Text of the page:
Every year, I visit our parishes and confirm many young people. One of my main messages to the youth is that these gifts are given to us not only for our own good but most importantly for the good of the whole church. Another important element of the sacrament of confirmation is the anointing. I ask the students, When we hear the name – Jesus Christ – what does “Christ” mean? Some think it is a last name; some of them define it as Son of God or Savior or Redeemer, but specifically “Christ” means the anointed one. Jesus was anointed to begin his ministry and mission. The Spirit comes upon him and he begins to proclaim the Good News and undertake his public ministry. He proclaims Good News to the poor; he heals the blind and restores the lame and frees the captives. Miracles begin to happen – miracles are signs of the Spirit’s activity in the world. During the sacrament of confirmation, we receive and are anointed with the same Spirit of Jesus. Not a different Spirit, not a lesser Spirit, it is the same Spirit.
Editor: As we mature in our faith after confirmation, how can we better cultivate the gifts of the Holy Spirit?
Bishop Vásquez: We have to be open, continually open, to the gift of the Spirit. We have to work on our relationship with God. If we look at the sacraments as only static moments, then we miss the whole point. The sacraments are really about our relationship with God and deepening that relationship. Every sacrament is a personal and deep encounter with Jesus Christ. The sacrament of baptism helps us to know that when we are baptized Jesus is there. When we are confirmed the same Spirit that anointed Christ is given to us and when we receive the Holy Eucharist, we receive Jesus Christ.
All of the sacraments are about encountering Christ and being conformed to him. Sacraments are not magic. Each sacrament is a personal encounter with the Risen Lord who then helps us become faithful disciples. A disciple follows Jesus every day. There are still struggles, there is still suffering – this is part of discipleship. In our day to day living, the sacraments strengthen us so that our relationship with God deepens.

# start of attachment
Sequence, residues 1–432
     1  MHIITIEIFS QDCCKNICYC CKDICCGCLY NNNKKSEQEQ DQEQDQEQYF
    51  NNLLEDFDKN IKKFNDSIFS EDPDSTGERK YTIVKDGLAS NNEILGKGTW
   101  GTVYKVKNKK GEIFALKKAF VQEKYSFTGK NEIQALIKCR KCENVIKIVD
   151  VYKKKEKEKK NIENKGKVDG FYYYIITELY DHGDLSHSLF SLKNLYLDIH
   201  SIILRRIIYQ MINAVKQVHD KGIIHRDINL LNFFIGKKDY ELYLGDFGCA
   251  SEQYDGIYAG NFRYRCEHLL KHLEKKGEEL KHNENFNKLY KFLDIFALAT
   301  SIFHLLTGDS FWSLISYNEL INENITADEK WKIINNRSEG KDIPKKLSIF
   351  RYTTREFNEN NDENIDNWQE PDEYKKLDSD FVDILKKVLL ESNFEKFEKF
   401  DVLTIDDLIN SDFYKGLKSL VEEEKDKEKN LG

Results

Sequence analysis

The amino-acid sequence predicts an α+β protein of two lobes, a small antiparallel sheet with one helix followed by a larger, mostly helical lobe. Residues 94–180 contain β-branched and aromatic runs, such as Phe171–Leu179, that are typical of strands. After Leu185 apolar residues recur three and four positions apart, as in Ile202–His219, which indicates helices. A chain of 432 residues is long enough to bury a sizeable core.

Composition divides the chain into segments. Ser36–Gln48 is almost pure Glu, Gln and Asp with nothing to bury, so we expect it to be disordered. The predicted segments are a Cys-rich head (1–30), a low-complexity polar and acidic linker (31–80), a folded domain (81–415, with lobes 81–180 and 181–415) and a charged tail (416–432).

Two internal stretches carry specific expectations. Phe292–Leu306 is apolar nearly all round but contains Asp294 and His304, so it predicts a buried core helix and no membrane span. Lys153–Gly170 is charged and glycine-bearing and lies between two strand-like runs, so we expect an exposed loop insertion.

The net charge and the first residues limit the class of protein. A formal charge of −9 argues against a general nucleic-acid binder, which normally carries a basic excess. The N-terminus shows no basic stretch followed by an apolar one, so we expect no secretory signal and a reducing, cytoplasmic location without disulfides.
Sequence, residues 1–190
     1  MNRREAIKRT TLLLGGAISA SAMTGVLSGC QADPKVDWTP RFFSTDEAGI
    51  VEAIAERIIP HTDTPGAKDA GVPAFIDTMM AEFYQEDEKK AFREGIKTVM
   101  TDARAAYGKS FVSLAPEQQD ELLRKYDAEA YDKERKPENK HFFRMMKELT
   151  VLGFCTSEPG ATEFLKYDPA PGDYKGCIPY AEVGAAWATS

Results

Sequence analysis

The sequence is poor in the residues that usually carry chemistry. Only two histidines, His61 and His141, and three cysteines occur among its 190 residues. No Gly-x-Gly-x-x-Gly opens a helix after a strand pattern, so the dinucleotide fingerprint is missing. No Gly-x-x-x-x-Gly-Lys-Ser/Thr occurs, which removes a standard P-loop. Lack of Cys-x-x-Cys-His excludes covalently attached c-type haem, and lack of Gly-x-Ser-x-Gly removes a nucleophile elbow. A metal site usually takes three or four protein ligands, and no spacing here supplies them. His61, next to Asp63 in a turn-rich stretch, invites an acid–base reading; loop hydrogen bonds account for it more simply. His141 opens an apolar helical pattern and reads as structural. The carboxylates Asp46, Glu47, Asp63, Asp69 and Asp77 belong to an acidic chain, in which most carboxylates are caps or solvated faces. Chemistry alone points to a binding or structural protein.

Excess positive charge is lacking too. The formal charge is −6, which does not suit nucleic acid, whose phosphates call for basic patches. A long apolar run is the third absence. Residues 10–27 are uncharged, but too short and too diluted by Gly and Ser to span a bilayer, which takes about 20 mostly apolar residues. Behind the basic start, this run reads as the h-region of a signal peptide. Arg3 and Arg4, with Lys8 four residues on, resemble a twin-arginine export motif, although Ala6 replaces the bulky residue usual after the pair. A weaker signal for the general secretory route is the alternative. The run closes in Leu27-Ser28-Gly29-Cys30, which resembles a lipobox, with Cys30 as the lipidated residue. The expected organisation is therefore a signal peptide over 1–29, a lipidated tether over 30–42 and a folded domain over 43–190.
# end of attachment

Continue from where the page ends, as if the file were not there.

Editor: What is your prayer for us as we conclude the Easter season and move into Ordinary Time?
Bishop Vásquez: On Easter Sunday Jesus comes to his disciples in the Upper Room though the doors are locked. Jesus breathes on them, gives them the gift of the Spirit and gives them the authority to forgive sins. He says to them “Peace be with you.” May we experience the peace of the Resurrection and also allow ourselves to be filled with joy (one of the fruits of the Holy Spirit).
As Pope Francis says in the opening paragraph of Evangelii Gaudium, “The joy of the Gospel fills the hearts and lives of all who encounter Jesus. Those who accept his offer of salvation are set free from sin, sorrow, inner emptiness and loneliness. With Christ joy is constantly born anew.”
On Pentecost as soon as the apostles receive the gift of the Spirit, they go out to tell everybody about Jesus Christ. That is one of the things that happens once we receive the Spirit, we can’t keep the message for ourselves. It is a joyful message. It brings about conversion, and it changes hearts, which is what Pope Francis has been telling us. I pray that we will abandon our fears and strengthened by the gifts of the Holy Spirit, we will proclaim Christ throughout the world.